The network chose to study the treatment and recruited asymptomatic pregnant women who were screened for BV. They were randomized to antibiotic treatment or placebo, but the trial was stopped early, Spong says.

"The women with Trichomonas who were treated had a higher rate of pre-term delivery," she says.

As a result of the clinical research, obstetricians were advised to stop screening every pregnant woman for the infection.

"If they're symptomatic, then treat it, but if they're not complaining, then there's no reason to treat," Spong says. "Whatever the flora is for that person may be more beneficial than what takes over when you eradicate the flora."

This example demonstrates why clinical research in pregnant women can lead to better and safer practices.

In another example, the network demonstrated through research a treatment for preventing pre-term delivery, Spong says.

"It's the number one cause of neonatal death and long-term morbidity for children," Spong says.

One of the network sites screened high-risk pregnant women who had already delivered a pre-term baby and evaluated them to see if they were interested in a trial using progesterone to prevent pre-term delivery, Spong explains.

The women received weekly progesterone, and the trial produced such positive results that the data safety monitoring board (DSMB) decided it would be unethical to continue to randomize patients. The study found that weekly progesterone, started in the 16th to 20th weeks, prevented pre-term deliveries of less than 32 weeks, 35 weeks, and 37 weeks, Spong says.

"We were questioned quite harshly after the progesterone trial about whether it was safe," Spong recalls. "But no one questions giving progesterone to women [treated for infertility], and they're given it at a more vulnerable time during the first trimester."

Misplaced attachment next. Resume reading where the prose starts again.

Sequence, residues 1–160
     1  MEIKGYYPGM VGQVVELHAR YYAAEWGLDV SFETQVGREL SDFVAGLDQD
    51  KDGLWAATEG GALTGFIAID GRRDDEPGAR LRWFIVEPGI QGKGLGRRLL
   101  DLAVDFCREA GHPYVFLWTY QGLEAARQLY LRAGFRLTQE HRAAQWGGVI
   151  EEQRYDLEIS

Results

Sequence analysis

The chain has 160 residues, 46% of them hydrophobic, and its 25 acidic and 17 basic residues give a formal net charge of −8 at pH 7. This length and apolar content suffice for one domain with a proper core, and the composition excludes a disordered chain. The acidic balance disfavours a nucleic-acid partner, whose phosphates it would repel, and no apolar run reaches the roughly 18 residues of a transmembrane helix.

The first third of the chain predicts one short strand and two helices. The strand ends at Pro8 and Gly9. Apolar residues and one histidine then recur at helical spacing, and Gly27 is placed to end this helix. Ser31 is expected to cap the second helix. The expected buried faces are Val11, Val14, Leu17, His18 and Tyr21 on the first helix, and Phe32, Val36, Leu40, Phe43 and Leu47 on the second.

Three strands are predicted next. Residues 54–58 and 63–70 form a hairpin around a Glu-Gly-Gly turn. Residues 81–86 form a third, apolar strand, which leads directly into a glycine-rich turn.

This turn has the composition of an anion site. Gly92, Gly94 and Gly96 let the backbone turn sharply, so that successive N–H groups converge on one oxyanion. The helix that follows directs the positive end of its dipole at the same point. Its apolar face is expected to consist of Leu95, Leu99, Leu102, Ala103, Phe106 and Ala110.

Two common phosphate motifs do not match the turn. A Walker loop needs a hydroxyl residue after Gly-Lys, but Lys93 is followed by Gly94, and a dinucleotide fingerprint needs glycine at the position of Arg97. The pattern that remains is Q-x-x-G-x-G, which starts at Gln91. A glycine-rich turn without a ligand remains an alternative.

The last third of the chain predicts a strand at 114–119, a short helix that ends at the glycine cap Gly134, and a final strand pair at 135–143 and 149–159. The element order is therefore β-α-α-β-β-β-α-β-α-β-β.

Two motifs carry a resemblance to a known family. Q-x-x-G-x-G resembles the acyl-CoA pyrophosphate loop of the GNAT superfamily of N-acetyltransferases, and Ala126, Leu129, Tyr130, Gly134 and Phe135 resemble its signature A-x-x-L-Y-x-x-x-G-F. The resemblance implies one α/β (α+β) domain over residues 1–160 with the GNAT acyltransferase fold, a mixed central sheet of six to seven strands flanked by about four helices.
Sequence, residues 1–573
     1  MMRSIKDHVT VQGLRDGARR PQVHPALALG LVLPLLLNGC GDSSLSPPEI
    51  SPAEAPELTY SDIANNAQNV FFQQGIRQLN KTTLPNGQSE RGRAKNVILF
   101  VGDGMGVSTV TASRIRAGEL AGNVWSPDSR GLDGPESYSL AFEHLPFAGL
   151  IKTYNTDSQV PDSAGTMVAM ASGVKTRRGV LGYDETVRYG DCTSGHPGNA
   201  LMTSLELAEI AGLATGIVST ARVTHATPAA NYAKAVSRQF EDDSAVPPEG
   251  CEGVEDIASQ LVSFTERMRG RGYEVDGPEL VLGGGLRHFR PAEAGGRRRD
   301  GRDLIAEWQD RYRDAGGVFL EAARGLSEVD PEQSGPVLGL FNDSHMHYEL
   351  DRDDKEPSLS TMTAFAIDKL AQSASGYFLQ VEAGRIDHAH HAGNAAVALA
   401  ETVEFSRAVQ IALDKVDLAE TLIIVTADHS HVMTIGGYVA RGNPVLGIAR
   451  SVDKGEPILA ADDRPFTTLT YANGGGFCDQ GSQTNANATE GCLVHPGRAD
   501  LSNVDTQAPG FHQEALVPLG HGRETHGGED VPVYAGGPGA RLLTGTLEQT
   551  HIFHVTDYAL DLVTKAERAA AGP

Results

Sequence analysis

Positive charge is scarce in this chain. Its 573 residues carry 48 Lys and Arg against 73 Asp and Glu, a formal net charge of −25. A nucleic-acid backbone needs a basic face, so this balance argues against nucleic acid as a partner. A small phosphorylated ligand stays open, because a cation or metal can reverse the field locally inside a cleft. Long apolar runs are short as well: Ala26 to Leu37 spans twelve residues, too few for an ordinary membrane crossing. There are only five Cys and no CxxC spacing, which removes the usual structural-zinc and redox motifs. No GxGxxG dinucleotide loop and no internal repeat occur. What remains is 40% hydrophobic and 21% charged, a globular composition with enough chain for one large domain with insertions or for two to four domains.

The problem is that clinical trials involving pregnant women are needed to guide future studies with pregnant women, Spong says.

"The opportunities for pregnant women to participate in clinical trials are limited, despite a push from the Food and Drug Administration and others," Schwenzer notes.

Also, IRBs and investigators should consider the ethics of removing women from typical adult clinical trials when the women become pregnant, Schwenzer says.

"Is that ethical to deny treatment to a woman that she couldn't get otherwise?" she says.

On the other hand, there are clinical trials involving drugs that are known to be harmful to a fetus, such as the thalidomide trials for cancer, and so the ethical concerns are not just theoretical.

"Suppose there's a trial where the potential for therapeutic benefits for a woman is there, and so you enroll women knowing there is the potential of their getting pregnant," she says. "You give separate consent forms, detailing the type of risk that's involved and the type of birth control that needs to be used to avoid pregnancy."

These types of trials often require women to use two types of birth control, and they're given a pregnancy test, Schwenzer says.

"Sponsors won't use pregnant women in trials involving some potentially helpful drugs because of the risk," Schwenzer adds.

However, the NICHD network has made some important contributions to the scientific world's collective knowledge about pregnancy.

The Maternal Fetal Medicine Unit Network currently is enrolling 10,000 pregnant women in a preeclampsia prevention trial that involves the use of vitamin C and vitamin E, Spong says.

"Clearly, preeclampsia is a condition we need better understanding of, and we need to develop therapies," Spong says. "This is the largest trial we've ever done."

Ideally, pharmaceutical sponsors and more investigators would do research with pregnant women because the potential benefit to society could extend far, Spong says.

Pre-term delivery and low birth weights are associated with health problems that may occur even decades after the baby is born, she adds.

"I would love to have more people do research in pregnant women," Spong says. "If you could improve the uterine environment and improve outcomes, then we'd have less disease, strokes, heart attacks, and other health problems."

[Editor's note: For more information about the Maternal Fetal Medicine Unit Network, see the Web site: www.bsc.gwu.edu/mfmu.]